Technology is transforming the way we do business. Practically every company is adopting emerging technologies such as cloud, Agile, continuous delivery or IoT. Modern technology provides organisations with the ability to quickly meet customer and market needs, but it also adds additional complexity to an already involved IT ecosystem. CIOs are well poised to understand and manage this rapidly evolving landscape, and many are raising their profile with the business and having more interactions with their CEO as a result.
However, this complexity doesn’t just apply to managing the technology itself, but also the associated costs. Finance departments shouldn’t be expected to sift through hundreds of thousands of lines of cloud bills from multiple vendors to get a clear picture of cloud costs, or to match vendor contracts against service usage. This burden generally falls to CIOs and IT departments, and with Gartner predicting that global IT spending will climb to $3.7 trillion in 2018 – a faster increase than both 2017 and 2019 – it’s now more important than ever for IT to grow its financial acumen.
Having full oversight of all IT spend is essential – not only for cost optimisation but also for funding growth and innovation initiatives. Many CIOs are turning to Technology Business Management (TBM), the practice of running IT as a business, to improve their ability to communicate the value of IT to the rest of the business.
These are some of the financial concepts which CIOs and IT executives can map onto their technology systems through TBM to improve IT spend:
1. Embrace the ‘Matching Principle’
The Matching Principle is well understood by finance, but doesn’t always translate into the IT organisation. The idea is simple and is all about tying the cost of a service or product to the time at which you experience the benefit from that service or product.
In the world of modern IT where many costs can be billed near-instantly, it can be tempting to put off accounting until the invoice arrives. But this poses a problem as it makes it hard to assess the true cost and value of IT. You may see a bump in productivity in one quarter without the associated cost, giving a fundamentally flawed picture of how IT finance is working.
CIOs and IT departments who are embracing the Matching Principle are able to understand the true value of IT, meaning projects are more likely to stay on budget and future investments can be made more rapidly.
2. Get a handle on CapEx and OpEx
Capital Expenditure (CapEx) and Operating Expenses (OpEx) are well understood financial concepts, but applying them directly to IT helps CIOs to plan more effectively for the long term. CapEx includes all spending on fixed assets, or assets with a useful life greater than a year, such as buying a printer or software licence. Meanwhile OpEx is the ongoing cost of running a business, such as charges for using cloud systems or paper for a printer.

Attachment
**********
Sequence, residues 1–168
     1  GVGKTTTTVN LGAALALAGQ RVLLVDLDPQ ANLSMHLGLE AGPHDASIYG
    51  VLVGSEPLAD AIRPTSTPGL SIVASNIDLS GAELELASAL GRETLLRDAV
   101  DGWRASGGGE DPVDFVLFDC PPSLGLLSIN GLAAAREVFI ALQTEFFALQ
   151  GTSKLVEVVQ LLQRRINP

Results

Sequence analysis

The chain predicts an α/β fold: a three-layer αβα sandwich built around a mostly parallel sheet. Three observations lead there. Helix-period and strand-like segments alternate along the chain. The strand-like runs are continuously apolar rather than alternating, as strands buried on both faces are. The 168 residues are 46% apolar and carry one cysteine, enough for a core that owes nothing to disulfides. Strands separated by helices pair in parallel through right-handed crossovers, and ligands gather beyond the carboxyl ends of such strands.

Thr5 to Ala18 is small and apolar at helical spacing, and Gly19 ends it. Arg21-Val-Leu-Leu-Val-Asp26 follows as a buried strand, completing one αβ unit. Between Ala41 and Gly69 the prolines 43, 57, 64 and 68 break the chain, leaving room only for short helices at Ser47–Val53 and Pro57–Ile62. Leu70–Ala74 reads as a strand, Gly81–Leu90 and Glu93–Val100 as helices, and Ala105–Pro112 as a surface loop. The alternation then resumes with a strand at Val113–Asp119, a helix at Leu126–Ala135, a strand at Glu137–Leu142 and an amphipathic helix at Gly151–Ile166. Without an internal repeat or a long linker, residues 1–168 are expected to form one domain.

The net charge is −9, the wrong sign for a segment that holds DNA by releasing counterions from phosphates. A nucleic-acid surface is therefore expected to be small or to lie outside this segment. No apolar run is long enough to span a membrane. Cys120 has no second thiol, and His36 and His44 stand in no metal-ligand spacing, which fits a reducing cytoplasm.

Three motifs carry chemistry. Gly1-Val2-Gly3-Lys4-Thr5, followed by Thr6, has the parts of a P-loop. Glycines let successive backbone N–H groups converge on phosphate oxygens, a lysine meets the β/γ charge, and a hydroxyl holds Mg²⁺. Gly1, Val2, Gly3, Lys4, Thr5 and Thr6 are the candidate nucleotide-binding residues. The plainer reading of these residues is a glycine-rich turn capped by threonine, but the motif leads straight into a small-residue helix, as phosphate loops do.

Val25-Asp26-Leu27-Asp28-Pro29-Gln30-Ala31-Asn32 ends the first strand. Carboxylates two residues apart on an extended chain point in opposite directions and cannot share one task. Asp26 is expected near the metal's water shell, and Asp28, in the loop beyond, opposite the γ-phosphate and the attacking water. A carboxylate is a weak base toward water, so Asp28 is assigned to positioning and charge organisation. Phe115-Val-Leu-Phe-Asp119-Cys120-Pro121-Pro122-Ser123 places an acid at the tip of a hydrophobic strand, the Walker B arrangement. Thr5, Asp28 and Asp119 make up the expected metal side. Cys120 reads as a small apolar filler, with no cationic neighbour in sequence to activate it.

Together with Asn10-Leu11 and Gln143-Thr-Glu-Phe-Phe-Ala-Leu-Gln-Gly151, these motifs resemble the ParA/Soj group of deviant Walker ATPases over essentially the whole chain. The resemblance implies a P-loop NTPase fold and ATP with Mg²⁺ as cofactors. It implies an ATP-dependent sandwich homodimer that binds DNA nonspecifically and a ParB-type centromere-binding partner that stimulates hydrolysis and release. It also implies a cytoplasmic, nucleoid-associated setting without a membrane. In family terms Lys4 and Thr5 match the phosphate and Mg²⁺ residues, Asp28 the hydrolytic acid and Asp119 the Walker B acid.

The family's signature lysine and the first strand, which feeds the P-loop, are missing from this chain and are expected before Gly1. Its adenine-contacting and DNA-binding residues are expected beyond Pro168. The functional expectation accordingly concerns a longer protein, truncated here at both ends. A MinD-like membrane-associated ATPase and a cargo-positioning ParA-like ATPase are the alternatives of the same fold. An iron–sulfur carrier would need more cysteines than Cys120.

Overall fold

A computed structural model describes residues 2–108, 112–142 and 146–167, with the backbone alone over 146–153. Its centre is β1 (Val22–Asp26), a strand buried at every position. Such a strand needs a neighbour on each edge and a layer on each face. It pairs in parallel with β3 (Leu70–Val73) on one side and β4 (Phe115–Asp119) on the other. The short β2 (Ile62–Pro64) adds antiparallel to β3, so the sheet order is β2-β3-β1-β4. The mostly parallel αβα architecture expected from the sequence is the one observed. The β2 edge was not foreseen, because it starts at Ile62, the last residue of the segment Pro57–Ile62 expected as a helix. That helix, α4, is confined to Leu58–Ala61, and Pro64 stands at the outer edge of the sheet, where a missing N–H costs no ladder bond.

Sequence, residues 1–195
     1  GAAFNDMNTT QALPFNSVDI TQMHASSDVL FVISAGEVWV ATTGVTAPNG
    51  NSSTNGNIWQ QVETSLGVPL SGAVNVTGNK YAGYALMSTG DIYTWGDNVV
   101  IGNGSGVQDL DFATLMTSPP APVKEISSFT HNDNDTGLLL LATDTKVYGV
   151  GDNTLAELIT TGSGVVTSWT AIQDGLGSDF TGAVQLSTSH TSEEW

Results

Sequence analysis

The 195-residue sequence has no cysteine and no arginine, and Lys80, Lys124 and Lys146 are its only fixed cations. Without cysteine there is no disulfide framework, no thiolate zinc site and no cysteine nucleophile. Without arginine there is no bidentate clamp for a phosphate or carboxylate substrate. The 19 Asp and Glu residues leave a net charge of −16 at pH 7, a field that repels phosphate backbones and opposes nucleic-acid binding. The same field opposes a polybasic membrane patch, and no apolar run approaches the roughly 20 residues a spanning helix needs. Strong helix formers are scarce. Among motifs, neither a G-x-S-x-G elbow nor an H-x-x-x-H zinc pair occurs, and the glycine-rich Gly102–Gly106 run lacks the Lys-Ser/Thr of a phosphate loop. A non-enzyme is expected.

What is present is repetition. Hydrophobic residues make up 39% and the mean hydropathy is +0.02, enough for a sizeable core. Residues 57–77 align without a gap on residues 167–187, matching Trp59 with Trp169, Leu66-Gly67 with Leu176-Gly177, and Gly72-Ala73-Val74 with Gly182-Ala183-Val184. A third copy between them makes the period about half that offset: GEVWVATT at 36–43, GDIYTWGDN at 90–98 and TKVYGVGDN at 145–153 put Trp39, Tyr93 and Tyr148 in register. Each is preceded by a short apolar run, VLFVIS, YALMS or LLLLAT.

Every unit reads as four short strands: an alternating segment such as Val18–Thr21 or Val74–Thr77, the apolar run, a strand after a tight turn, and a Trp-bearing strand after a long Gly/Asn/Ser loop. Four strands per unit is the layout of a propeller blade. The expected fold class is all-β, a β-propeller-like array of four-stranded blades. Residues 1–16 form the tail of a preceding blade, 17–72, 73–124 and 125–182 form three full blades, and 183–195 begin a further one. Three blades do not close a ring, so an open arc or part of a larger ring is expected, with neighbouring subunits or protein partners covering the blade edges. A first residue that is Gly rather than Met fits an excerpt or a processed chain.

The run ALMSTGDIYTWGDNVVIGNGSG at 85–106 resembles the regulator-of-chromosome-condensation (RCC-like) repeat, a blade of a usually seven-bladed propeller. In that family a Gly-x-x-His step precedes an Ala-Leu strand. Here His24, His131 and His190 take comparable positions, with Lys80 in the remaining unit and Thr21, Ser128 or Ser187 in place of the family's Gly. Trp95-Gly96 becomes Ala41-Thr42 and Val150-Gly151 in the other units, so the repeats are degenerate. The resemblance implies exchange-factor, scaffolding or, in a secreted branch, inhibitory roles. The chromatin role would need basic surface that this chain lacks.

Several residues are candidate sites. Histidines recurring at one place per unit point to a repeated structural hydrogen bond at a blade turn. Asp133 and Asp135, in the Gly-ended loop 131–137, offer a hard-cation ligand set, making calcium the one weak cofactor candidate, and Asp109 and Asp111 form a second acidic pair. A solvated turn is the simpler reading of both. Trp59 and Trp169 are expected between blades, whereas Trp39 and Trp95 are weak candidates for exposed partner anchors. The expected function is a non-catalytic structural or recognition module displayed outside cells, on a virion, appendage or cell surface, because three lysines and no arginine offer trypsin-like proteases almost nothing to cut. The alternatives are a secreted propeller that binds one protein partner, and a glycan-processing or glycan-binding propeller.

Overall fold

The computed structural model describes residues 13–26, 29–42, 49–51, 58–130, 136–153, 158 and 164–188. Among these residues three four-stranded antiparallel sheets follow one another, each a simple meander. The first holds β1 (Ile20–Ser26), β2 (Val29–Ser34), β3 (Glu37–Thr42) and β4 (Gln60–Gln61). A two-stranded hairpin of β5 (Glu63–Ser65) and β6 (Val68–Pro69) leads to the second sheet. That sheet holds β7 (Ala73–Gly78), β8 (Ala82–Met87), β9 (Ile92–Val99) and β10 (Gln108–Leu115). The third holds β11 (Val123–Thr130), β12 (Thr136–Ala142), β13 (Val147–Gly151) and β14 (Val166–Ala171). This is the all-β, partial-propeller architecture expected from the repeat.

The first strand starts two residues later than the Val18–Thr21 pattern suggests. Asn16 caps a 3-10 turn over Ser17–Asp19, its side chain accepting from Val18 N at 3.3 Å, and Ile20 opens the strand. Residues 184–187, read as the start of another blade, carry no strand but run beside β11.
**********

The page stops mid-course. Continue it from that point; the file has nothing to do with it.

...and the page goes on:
Some businesses are naturally more asset intensive, with much of their spending falling under CapEx. Yet this still involves ongoing responsibility, as often the cost is ‘depreciated’ (spread out over the course of an asset’s lifetime) throwing up extra challenges for IT departments. It may seem better to turn off or decommission an asset that’s not in use, but that means its entire remaining cost will hit the budget at once, causing a “budget shock”. Instead, IT departments should try and look to repurpose such assets, improving the overall efficiency of IT.
Meanwhile, CIOs are having to pay more attention to OpEx as they increasingly move to cloud applications. CapEx locks companies into the depreciation schedule and reduces the overall agility of IT, while cloud necessitates moving spend into OpEx. Shifting this spend can allow IT departments more flexibility with their budget, helping with digital transformation, but also means they need to have effective systems in place to forecast and monitor spend.
This flexibility is vital for CIOs and IT leaders who are managing transformation projects. For example, a new IT project could be financed by underutilised cloud services if fixed costs cannot be reduced. It’s therefore essential that CIOs have a clear view of how IT budget is allocated and how it can be redistributed. This gives them the ability to pivot quickly and experiment with new concepts as business needs change.
3. Recover costs
Costs are often spread out to various business units via allocations – either by distributing costs evenly among business units or dividing them based on head count or revenue generation. However, finance often isn’t equipped to understand complex IT costs when charging them back to other teams. For the same reason, other business units often perceive IT costs as something separated from the rest of the business. Direct IT expenses – like the cost of a new server running one application – are clearly attributable to a user. On the other hand, indirect costs – like the facility burden of a data centre – are not, as they are often shared across multiple systems.
This often leads to simplistic, arbitrary and possibly unfair spend allocations, which will frustrate business leaders and damage the relationship between IT and other departments. To recover costs and make sure all allocations are accurate, CIOs need to explain IT costs to finance and other business units. It is therefore essential that they have the tools that enable this.
Marrying these financial concepts with a strong understanding of IT is a new “business as usual” for CIOs and their IT departments, but still requires a dramatic shift in approach. The increasing financial responsibility of the CIO means that those who embrace concepts such as TBM stand to benefit significantly.